My Child Said the F-Word, Now What?
Three experts weigh in on how to navigate curse-word convos with your kid.
Every month, my friends and I gather for a highly anticipated moms' night out. After a few glasses of rosé, any pretense is usually gone and the conversation devolves into #realtalk. At our last meet-up, Elizabeth, a prim-and-proper mom in her mid-30s, revealed that her 4-year-old son had started dropping the F-bomb. She was mortified and at a total loss for words (even though her son clearly isn’t).
“He’s going around the house pretending to be Buzz Lightyear saying, ‘To fucking infinity and beyond!’” she explained, clearly distraught. “I’ve tried telling him in a calm voice not to do it but it’s not working. It keeps happening. What if he says it at school?!”
If I’m being honest, my older daughter had a potty-mouth moment of her own not too long ago. So what’s a parent to do in these situations? We asked three experts.
1. Stifle the laughter (hard as it may be).
“Responding either positively by laughing or negatively by yelling often reinforces bad behavior,” said Dr. Amy Margolis, an assistant professor of medical psychology at Columbia University. “I recommend that parents explain the words they want a child to use, and then also mention that there are other words that are not nice. This approach is based on the broader principle that children respond well when parents tell them what to do rather than what not to do. For example, at the swimming pool, it's more helpful to tell children to walk than not to run.”
2. No hitting, biting or saying the B-word.
Dr. Kelly Geisler, a New York-based child psychologist, added that it’s important to tie your explanation to something a child can understand. “By the time they're five, many children have learned it’s not nice to say things that hurt other people’s feelings — so you can start by simply explaining that using those words can hurt other people’s feelings.”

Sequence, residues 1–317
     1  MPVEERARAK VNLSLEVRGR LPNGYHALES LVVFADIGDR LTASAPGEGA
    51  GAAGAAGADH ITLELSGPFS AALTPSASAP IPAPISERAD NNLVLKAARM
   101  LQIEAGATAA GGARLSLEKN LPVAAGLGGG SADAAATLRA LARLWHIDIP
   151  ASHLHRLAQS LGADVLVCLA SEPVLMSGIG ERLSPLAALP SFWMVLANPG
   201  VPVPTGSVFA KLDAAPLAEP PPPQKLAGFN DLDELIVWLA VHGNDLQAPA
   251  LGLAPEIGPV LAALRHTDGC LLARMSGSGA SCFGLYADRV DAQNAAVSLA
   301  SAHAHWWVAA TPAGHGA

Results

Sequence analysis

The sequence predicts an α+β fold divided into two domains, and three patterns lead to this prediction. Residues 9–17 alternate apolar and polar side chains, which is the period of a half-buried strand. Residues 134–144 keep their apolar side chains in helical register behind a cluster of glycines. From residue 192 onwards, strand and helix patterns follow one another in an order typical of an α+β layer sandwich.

Dr. Philip Lowe, a pediatrician at Palmetto Pediatrics in Charleston, South Carolina, echoed this by suggesting that parents relate it to behaviors the children understand. “Most children know not to hit and bite, but until they say a bad word, they don’t really know it’s a bad thing. If your child continues to use bad words after repeatedly being told not to, there should be a punishment like a time-out for younger children or restriction from a favorite event or toy for older children.”
3. Watch your own language.
And then there's the issue of where the child learned the naughty word in the first place.
“Parents have to understand that if children hear cursing in the house they are more likely to continue using curse words themselves,” said Lowe. If the child picked up the language from a friend, he doesn’t recommend informing the other child’s parents. He instead suggests using it as a teaching moment by explaining that just because someone else uses bad words it doesn’t make it okay for them to use them too.
It’s typical for kids to want to experiment and push limits — and it’s especially exciting when it comes to words that elicit a strong reaction.
“Parents should keep in mind that many five-year-olds can be impulsive,” added Margolis. “[Sometimes] this makes it hard for them to hold back from saying something they know is wrong even though they may want to follow the rules.”
During dinner, we probed my friend to see where her son could have possibly learned to say, “To fucking infinity and beyond!” She said she had no idea but proceeded to use a four-letter word of her own before the meal came to an end. Needless to say, the jury is still out.
Alexandra Macon is a co-founder of the wedding website Over The Moon and a contributing living editor at Vogue.com. Follow her on Instagram at @overthemoon.